Securing intensive care: towards a better understanding of intensive care nurses’ perceived work pressure and turnover intention
Article first published online: 15 MAR 2012
© 2012 Blackwell Publishing Ltd
Journal of Advanced Nursing
Volume 69, Issue 1, pages 31–40, January 2013
How to Cite
van Dam, K., Meewis, M. and van der Heijden, B. I.J.M. (2013), Securing intensive care: towards a better understanding of intensive care nurses’ perceived work pressure and turnover intention. Journal of Advanced Nursing, 69: 31–40. doi: 10.1111/j.1365-2648.2012.05981.x
- Issue published online: 17 DEC 2012
- Article first published online: 15 MAR 2012
- Accepted for publication 11 February 2012
- critical care;
- intensive care;
- turnover intention;
Aim. To provide insight into the individual and contextual factors that are related to intensive care nursing staff perceptions of work pressure and turnover.
Background. Hospitals are facing a shortage of intensive care nurses that will only become more pressing owing to demographic changes. Nurses’ sickness absence and turnover are considered important threats to the supply of intensive care.
Design. A quantitative, cross-sectional research design was used that was preceded by a qualitative, explorative study.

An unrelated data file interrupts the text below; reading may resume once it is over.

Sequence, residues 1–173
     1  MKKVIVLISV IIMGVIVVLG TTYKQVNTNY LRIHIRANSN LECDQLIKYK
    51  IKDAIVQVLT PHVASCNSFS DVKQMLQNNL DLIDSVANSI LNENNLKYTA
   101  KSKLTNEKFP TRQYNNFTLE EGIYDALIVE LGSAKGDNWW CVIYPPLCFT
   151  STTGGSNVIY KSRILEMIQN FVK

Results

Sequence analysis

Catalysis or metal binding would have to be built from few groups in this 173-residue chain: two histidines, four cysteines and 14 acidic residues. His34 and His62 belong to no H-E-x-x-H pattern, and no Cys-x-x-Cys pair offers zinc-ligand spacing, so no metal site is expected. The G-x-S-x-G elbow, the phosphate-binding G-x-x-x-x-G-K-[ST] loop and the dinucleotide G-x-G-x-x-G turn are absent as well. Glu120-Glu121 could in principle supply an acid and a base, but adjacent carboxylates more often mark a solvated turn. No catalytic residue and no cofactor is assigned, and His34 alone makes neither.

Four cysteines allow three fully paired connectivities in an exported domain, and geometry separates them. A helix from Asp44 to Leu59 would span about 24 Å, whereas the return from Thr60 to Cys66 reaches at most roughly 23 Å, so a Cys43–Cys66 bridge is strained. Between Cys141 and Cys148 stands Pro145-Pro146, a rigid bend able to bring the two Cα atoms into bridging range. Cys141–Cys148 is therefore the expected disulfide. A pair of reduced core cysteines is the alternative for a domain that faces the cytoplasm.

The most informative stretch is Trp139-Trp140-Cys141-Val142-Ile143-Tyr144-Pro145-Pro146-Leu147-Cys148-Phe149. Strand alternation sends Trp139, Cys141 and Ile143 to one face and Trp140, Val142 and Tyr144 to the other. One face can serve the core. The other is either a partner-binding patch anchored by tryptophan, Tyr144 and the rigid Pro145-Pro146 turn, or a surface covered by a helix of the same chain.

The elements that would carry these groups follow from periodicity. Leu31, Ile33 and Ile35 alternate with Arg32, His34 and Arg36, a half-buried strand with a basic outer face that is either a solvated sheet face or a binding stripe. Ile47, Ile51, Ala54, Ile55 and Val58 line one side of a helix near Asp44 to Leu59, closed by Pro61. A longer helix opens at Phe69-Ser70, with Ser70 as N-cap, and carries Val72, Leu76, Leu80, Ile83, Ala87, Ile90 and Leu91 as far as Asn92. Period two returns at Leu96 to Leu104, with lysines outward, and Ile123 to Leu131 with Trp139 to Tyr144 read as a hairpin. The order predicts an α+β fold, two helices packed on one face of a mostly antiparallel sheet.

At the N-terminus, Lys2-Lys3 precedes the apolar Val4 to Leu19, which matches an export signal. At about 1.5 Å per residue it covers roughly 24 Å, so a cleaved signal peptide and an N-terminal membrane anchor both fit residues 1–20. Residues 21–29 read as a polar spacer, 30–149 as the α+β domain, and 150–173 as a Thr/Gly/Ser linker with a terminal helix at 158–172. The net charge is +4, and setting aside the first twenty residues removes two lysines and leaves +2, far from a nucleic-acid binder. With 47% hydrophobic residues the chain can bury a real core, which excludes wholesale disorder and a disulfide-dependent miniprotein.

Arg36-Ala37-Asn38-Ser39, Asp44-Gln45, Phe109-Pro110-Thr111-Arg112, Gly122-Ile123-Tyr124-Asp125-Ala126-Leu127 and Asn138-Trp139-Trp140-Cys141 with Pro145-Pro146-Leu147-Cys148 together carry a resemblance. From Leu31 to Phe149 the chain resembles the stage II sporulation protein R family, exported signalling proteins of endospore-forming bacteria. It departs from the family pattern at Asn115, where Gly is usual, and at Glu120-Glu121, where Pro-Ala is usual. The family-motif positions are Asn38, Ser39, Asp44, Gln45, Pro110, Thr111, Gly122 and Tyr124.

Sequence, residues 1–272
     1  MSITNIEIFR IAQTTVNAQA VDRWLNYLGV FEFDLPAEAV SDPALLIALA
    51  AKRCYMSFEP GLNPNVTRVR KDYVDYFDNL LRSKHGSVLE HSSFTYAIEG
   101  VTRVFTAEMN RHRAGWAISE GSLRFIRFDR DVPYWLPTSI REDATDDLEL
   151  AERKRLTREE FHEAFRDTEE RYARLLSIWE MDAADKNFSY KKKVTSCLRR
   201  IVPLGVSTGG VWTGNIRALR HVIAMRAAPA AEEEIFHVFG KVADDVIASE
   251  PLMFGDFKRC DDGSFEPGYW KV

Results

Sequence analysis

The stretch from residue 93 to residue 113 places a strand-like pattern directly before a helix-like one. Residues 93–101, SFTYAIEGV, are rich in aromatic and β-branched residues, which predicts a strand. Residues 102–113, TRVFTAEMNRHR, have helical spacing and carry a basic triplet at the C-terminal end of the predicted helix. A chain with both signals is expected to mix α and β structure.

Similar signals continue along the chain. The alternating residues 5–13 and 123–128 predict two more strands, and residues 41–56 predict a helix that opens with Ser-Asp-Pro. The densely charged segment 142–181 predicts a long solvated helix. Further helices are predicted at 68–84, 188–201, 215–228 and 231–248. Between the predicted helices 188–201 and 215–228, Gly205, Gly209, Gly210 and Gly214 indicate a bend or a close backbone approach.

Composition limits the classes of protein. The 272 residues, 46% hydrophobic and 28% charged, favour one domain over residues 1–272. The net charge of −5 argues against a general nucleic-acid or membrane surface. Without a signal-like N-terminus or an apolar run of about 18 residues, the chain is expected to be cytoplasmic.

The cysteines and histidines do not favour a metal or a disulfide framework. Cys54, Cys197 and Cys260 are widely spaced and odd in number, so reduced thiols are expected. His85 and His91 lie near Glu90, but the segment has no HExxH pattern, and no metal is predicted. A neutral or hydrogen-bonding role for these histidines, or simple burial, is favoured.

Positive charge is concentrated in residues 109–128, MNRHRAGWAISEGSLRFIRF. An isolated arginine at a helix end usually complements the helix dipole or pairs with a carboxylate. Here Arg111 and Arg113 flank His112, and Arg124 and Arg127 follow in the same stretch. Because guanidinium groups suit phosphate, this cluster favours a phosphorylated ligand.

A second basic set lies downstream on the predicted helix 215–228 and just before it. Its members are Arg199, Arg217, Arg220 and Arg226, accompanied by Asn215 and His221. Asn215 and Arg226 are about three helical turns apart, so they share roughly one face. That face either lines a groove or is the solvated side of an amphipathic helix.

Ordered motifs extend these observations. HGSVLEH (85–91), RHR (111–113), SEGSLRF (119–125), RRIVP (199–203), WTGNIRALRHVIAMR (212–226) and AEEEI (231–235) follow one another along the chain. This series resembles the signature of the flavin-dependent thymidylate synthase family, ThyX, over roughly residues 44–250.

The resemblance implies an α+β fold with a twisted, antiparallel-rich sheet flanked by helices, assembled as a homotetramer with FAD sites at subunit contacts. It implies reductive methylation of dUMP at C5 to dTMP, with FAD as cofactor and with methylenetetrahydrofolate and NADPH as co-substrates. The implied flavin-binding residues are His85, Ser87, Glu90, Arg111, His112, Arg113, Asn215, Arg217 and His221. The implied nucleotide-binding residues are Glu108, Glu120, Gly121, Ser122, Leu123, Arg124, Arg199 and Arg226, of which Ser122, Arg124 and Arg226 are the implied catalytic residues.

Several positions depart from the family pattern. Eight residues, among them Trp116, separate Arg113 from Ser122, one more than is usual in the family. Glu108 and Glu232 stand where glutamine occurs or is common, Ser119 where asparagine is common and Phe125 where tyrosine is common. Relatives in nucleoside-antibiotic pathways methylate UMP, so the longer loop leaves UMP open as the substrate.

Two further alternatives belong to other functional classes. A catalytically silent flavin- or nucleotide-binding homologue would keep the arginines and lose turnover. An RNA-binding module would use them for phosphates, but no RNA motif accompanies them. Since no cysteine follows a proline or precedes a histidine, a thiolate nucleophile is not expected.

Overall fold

Method. First, interviews and observations took place to better understand intensive care nurses’ work situation. Next, quantitative data were obtained in 2010 from 461 Dutch qualified intensive care nurses who completed a questionnaire.
Findings. The outcomes of multiple regression analyses indicated that nurses’ perceptions of work pressure were predicted by emotional demands, physical demands, threats from patients’ relatives, social support and autonomy. Turnover intention was predicted by age, ability to deal with night shifts, social support and development opportunities.
Conclusions. Given the importance of the availability of staff to secure intensive care, this study indicates that hospitals should pay more attention to intensive care nurses’ work situation. Decreasing emotional and physical demands and increasing nurses’ development opportunities are some of the measures hospitals can take to create a work environment that better accommodates the needs of their intensive care nursing staff.